“It's a fairly important part of my practice,” he said. “We're talking about what's been an underserved community for a long time, and I have found myself, early on in my career, in a unique position to add value to my LGBT clients in terms of financial guidance.”

This is how advisers who specialize can really shine — and get their name front and center as a trusted adviser in a community. Mr. Johnson fields calls from reporters at Black Enterprise Magazine and CNBC, and gets regular invitations to appear on money management panels at conventions for a host of professional groups.

An Op-Ed article Mr. Armstrong wrote on LGBT planning got prominent positioning on the home page of The Boston Globe's website the day the Supreme Court began hearings on the Defense of Marriage Act. He also sits on the national board of the Financial Planning Association and was chosen this year to be chairman of the organization's diversity panel.

According to marketing experts, making inroads with communities that share ethnic, religious or social bonds is a matter of gaining entry, trust and credibility. The following steps can help in solidifying those efforts.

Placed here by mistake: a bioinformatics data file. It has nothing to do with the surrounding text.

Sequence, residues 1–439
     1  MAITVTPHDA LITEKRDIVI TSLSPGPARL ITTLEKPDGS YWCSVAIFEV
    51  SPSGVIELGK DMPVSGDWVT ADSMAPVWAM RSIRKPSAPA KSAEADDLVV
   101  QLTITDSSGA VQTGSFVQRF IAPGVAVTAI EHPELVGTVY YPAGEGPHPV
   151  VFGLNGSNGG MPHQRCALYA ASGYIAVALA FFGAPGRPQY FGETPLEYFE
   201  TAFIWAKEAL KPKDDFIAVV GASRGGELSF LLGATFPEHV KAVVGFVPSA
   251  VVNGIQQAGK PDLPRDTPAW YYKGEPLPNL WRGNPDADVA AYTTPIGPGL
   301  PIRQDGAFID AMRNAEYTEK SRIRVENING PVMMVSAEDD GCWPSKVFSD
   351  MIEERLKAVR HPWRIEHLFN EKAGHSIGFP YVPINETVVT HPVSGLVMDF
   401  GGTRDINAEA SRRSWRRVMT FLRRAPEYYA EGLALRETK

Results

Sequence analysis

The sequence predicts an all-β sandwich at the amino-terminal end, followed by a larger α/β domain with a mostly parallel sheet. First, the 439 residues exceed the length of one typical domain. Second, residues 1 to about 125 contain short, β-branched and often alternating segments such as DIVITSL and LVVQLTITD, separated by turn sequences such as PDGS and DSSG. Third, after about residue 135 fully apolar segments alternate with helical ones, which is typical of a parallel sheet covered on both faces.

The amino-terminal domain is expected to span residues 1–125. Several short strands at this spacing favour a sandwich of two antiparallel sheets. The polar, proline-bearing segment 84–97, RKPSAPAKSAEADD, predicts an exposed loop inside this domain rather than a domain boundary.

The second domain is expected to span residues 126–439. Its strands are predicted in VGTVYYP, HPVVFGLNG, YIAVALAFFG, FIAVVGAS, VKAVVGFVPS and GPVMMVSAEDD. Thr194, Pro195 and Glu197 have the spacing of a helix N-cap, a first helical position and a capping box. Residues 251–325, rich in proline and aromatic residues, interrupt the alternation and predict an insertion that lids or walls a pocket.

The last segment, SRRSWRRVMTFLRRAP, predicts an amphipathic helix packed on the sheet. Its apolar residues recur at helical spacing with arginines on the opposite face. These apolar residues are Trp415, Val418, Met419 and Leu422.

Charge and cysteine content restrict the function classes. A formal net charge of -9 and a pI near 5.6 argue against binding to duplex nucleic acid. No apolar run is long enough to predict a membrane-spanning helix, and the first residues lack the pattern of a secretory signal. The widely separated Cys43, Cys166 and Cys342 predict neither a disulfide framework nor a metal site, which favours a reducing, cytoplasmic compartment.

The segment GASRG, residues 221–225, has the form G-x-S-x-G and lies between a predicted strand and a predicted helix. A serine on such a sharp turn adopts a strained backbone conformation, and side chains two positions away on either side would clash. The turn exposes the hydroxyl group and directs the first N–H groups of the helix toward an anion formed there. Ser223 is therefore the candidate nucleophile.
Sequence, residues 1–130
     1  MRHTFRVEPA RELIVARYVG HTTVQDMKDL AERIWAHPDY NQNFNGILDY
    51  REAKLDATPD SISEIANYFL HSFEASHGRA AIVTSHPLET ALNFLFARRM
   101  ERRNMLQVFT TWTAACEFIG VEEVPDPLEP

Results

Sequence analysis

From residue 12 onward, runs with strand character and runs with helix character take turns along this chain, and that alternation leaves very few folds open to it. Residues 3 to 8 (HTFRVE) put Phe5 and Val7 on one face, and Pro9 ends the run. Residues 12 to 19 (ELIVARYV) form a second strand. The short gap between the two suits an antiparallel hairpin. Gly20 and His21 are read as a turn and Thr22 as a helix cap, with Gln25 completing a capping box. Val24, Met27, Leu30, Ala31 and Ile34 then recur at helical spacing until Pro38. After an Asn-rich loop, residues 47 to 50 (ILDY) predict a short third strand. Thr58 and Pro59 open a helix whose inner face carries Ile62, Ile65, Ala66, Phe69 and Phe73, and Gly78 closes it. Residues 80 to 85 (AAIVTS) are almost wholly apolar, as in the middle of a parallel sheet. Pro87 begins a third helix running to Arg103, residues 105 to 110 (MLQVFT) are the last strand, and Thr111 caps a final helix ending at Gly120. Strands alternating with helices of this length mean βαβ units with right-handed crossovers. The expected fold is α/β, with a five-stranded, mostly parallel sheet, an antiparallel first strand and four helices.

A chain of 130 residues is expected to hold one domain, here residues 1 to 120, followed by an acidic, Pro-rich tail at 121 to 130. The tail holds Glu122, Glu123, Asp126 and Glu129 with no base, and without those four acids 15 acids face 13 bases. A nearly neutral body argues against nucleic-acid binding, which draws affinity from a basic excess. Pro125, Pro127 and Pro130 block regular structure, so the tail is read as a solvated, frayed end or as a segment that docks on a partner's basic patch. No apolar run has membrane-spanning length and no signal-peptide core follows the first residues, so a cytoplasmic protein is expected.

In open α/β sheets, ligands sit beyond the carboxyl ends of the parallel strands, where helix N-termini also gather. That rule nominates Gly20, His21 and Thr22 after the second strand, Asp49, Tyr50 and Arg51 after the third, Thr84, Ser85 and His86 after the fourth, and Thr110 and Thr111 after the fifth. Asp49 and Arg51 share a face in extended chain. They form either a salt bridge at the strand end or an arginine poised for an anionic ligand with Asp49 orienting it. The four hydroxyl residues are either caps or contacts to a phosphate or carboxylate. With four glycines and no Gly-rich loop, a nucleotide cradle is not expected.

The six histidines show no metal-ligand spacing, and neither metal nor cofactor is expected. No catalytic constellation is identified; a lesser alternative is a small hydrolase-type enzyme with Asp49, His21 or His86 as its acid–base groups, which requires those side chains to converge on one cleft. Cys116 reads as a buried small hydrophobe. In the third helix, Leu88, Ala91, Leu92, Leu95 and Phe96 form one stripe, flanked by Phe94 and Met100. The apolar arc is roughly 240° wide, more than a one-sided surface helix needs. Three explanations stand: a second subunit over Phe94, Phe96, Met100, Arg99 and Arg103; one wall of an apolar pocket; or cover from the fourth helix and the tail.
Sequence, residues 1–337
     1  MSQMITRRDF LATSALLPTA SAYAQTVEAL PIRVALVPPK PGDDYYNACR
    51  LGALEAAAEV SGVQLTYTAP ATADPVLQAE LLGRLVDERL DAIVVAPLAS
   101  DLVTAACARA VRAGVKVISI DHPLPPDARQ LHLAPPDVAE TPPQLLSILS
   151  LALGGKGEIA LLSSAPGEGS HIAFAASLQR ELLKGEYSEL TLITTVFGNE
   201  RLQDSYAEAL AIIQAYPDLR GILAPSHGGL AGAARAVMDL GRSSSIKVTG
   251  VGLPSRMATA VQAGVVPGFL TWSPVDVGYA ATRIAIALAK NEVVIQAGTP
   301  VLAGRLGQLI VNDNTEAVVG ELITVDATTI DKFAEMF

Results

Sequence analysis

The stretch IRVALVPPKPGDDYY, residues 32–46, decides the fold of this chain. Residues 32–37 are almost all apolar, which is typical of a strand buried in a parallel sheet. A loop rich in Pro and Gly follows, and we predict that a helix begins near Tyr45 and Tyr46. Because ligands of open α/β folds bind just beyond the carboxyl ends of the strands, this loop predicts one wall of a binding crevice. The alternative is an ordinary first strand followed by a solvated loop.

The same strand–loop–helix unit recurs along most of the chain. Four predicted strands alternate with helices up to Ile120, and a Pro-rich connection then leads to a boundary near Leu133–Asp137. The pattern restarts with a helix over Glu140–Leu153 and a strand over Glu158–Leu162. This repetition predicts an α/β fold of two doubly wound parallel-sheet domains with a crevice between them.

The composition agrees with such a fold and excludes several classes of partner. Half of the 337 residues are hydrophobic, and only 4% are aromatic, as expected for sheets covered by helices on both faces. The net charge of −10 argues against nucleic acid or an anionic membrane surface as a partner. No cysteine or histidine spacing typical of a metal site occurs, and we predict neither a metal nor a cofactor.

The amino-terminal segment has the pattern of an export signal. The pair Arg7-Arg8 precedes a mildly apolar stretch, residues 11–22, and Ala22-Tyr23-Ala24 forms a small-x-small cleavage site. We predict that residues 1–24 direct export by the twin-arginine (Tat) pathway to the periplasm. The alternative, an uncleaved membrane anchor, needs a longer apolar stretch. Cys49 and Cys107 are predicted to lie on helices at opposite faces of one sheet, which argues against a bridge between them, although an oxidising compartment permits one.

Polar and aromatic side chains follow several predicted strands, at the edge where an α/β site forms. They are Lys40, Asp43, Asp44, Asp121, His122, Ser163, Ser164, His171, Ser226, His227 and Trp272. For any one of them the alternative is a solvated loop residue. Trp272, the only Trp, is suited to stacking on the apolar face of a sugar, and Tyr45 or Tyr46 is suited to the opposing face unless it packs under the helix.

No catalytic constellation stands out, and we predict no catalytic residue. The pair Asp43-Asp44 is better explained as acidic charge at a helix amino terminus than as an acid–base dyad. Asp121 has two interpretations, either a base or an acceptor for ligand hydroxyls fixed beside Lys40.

ONE: CARE ABOUT YOUR TARGET

Marketing pros say it pays to be deliberate, because a lot of advisers' success rides on their ability to connect with clients and show they care.

“Commonalities and passion are a very good starting point, since in many cases, you possibly already have contacts in place, and know the sensitivities and needs,” said Joni Youngwirth, managing principal of practice management at Commonwealth Financial Network.

Still, sharing links with a group is no guarantee of instant success.